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Connecting digitally – coronavirus advice

The internet and digital technology can be invaluable for staying in touch with family and friends, as well as helping with everyday tasks such as shopping, ordering prescriptions, and banking.

What technology can help us do

You may be surprised at how much you are able to do online. You can use the internet to connect with other people and carry out tasks such as shopping, dealing with the utilities, and connecting with public services such as the GP surgery, pharmacy and the local council. The internet can also be a great source of entertainment with games, TV and radio available.

At the moment, activities that usually take place in person are now happening online. It might be worth speaking to the organiser of any local groups you previously attended to see if they're now hosting the group online. There are many examples of people hosting exercise classes online, or holding virtual meetings with their book clubs.

This means know is the perfect time to improve your digital skills.

If you need a bit more support, there are organisations who can help.

Staying safe online

Accessing the internet can expose us to online scammers, so it's important to be vigilant. Here are some ways you can stay safe.

How to make video calls

Video calls using a computer, smartphone or tablet are a great way to contact family and friends, to see them while you chat.

Helping older friends and family get online

It can be hard to stay in touch with older friends and family if they aren’t connected to the internet. You may want to speak to them about getting an Internet-enabled device so you can chat more easily. 

It's good to think about what they will want to use their device for and how confident they feel with technology. Think about what device they will find easiest to operate - remember that some older people might find touchscreens difficult to use as they might not have the dexterity to touch a very small part of the screen.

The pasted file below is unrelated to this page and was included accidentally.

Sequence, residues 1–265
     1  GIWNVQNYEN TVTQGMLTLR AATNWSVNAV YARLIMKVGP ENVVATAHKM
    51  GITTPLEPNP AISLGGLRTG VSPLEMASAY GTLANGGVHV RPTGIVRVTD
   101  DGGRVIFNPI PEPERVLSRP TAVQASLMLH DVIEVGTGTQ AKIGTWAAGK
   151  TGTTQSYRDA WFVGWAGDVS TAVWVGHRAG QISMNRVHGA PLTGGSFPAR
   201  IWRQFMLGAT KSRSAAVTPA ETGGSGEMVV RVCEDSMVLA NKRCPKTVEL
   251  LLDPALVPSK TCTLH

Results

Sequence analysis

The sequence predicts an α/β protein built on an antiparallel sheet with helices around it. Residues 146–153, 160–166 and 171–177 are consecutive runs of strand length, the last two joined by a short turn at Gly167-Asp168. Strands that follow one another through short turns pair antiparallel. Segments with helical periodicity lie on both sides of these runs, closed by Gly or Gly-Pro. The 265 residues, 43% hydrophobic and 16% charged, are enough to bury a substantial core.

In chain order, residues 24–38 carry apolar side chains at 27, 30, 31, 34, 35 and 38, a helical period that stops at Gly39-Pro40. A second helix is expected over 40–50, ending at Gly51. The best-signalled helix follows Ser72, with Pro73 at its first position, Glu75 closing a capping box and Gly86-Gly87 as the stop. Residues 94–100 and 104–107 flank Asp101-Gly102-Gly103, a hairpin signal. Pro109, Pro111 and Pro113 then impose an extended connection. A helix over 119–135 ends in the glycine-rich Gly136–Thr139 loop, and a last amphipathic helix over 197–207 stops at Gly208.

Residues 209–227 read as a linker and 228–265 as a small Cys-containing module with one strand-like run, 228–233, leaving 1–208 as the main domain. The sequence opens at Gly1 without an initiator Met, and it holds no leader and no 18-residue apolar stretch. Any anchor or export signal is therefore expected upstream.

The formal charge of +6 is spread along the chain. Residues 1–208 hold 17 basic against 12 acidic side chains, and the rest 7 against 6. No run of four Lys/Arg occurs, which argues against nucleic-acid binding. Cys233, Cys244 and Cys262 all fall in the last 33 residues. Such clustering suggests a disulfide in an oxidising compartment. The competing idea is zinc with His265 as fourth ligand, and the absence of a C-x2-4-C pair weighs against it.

If they just want to make video calls, there are devices available with simplified controls to make it easier, and some increase security by specifying the people who can connect through the device. It’s important to do your research to work out what is best suited to their needs and budget.

Getting an online connection

If the person doesn’t have a broadband connection it’s possible to connect to the internet through small devices that take a ‘data only’ sim card, which gives out a signal that your device can connect to. Some devices have their own sim cards to do this.

Top tips for family and friends

If you are trying to help someone with a new device or tech questions, you may find the following tips useful:

  • Make sure you know what they want to achieve - don’t overcomplicate things too early.
  • Make sure you know how the device works so you can show them effectively. Lots of devices have online tutorials which you can explore on older people’s behalf.
  • Be aware that different people have different learning styles and get the balance between demonstrating, providing instructions and answering questions that suits the individual.
  • Don’t make any assumptions about what they already know.
  • Be patient, don’t overload and make sure you go at the pace of the learner.
  • Be ready to repeat a learning session and respond to queries that come up as they start using the device on their own and come up with questions.
  • Avoid jargon – not everyone knows what ‘apps’ are or how you ‘swipe’.

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Last updated: Apr 20 2021

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